Scott Jurek – Spartathlon 2006 Winner – Vegan Athlete

Plant Powered

Triathletes, cyclists, and hardcore Ashtangis are among the new crop of athletes proving that a vegan diet can be a winning one.

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When Scott Jurek, 32, of Seattle fuels up for a 50-mile ultramarathon, he reaches for a smoothie made with pears, bananas, apples, spirulina, and avocado. A mighty bowl of pasta, sauced with garlic and olive oil and brimming with fresh veggies, is the night-before-racing favorite of professional cyclist Christine Vardaros, 36, of Mill Valley, California. Triathlete Ruth Heidrich, 71, of Honolulu opts for a salad of greens with papaya, mango, bananas, and berries before setting out for a competition.

One thing you won’t find on these athletes’ grocery lists is meat, eggs, or dairy products. Jurek, Vardaros, and Heidrich are vegan. And if you think a vegan diet would compromise their physically demanding pursuits, just check out their performances: Jurek holds the course record in the Western States Endurance Run, a 100-mile trail race through rugged terrain. Vardaros is ranked no. 32 in the world in cycling, and Heidrich has won 900 medals in running events.

Read the whole article on The Yoga Journal – Plant Powered by Rachel Seligman

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Links courtesy of Blactivegan The home of multiday running news and events.


  1. I get very annoyed that Scott Jurek gets press attention for doing trail/ultra’s. He did not run in college and he is not a fast or talented runner. The collegiate runners who are fast and talented (mysef included) get no press attention and I don’t think that is fair. Yes, he does eat very well and that is a good thing. However, it does not change the fact that he gets more attention then he deserves.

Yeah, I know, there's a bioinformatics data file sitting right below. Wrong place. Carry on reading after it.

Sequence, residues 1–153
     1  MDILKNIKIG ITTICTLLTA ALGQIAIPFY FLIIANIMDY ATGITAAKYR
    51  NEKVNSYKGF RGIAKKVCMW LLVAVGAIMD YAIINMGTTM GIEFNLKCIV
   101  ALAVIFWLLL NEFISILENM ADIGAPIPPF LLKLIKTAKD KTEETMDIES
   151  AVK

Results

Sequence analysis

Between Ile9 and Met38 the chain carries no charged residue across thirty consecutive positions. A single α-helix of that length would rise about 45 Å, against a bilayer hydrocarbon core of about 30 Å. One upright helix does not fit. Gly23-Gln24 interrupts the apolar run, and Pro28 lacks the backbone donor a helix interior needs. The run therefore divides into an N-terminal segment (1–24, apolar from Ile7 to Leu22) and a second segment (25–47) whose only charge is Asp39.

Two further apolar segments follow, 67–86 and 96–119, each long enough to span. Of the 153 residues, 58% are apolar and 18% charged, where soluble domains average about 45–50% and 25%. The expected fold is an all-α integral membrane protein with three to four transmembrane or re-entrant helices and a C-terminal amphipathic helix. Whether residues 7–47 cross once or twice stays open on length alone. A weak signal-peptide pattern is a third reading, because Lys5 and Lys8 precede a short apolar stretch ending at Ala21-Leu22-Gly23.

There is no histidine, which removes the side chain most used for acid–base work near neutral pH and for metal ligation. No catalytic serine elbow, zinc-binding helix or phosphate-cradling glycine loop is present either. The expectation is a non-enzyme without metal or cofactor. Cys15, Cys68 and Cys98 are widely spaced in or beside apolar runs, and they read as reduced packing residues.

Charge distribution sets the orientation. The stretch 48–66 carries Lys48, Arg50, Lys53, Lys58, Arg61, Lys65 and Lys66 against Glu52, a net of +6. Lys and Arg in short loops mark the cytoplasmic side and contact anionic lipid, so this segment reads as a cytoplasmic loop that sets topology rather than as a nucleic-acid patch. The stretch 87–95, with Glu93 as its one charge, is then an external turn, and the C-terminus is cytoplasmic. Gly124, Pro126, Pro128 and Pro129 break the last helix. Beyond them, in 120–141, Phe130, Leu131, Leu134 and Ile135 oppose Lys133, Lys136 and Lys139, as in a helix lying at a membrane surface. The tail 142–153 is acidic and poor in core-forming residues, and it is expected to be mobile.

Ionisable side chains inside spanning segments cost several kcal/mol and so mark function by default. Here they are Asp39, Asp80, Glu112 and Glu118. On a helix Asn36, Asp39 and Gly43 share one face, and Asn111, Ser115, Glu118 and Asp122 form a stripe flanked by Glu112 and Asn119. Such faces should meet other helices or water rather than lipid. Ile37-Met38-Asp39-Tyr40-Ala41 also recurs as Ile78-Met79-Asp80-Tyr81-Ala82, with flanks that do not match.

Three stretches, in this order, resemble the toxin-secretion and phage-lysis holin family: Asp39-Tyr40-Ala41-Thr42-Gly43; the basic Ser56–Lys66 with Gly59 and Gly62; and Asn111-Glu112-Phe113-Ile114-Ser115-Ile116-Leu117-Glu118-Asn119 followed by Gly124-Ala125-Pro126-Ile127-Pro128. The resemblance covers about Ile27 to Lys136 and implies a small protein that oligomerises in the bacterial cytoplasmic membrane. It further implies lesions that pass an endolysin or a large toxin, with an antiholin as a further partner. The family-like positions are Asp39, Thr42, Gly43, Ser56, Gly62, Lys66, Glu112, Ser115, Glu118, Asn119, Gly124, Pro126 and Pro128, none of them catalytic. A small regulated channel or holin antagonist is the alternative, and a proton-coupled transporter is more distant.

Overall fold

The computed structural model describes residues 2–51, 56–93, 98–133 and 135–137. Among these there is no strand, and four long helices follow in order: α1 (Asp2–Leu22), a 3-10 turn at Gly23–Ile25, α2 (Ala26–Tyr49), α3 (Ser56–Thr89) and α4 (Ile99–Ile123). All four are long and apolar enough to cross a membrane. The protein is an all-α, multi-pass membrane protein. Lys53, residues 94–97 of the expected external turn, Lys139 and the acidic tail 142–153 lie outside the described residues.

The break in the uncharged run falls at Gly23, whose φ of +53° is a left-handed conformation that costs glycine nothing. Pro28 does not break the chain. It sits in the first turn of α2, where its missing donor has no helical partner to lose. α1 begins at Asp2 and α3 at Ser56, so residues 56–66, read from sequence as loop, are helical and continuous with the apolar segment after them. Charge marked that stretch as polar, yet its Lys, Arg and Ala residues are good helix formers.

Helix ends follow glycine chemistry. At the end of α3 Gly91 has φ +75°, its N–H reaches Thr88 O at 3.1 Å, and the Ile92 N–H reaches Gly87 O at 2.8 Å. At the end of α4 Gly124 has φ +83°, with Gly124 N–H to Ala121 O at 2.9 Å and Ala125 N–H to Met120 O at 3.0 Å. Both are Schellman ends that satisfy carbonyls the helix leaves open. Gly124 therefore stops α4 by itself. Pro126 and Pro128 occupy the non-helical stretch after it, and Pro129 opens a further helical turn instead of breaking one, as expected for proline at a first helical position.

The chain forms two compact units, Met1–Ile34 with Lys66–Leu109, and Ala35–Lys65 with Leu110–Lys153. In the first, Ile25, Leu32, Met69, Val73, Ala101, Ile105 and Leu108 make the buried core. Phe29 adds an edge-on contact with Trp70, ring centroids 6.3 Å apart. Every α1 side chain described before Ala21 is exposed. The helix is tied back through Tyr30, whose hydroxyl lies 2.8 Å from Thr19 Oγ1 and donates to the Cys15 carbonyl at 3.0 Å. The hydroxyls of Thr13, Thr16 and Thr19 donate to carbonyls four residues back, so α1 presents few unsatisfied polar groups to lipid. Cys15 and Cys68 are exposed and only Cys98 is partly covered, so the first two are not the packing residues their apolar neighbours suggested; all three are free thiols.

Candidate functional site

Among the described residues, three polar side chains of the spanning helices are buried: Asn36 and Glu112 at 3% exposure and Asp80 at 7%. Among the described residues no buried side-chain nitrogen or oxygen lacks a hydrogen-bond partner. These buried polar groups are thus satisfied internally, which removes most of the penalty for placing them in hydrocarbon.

2. I have never met Scott personally yet I feel that it is difficult to know who deserves what in these mysterious worlds we inhabit. However Scott’s performance at Spartathlon last year elevated him above all other perfomances, ever, bar one persons, in this particular event.
    Again, I have never run this race so I can’t actually judge what talent is necessary to produce a result like this but friends of mine who have been able to complete the distance within the time limit, have attested to the seriousness of the nature of this challenge.

    Scott has offered sufficient evidence of his capacity for experienced ultrarunners to be able to appreciate the significance of his race at Spartathlon and what that means for American ultrarunning, the world ultrarunning community and running as a whole.

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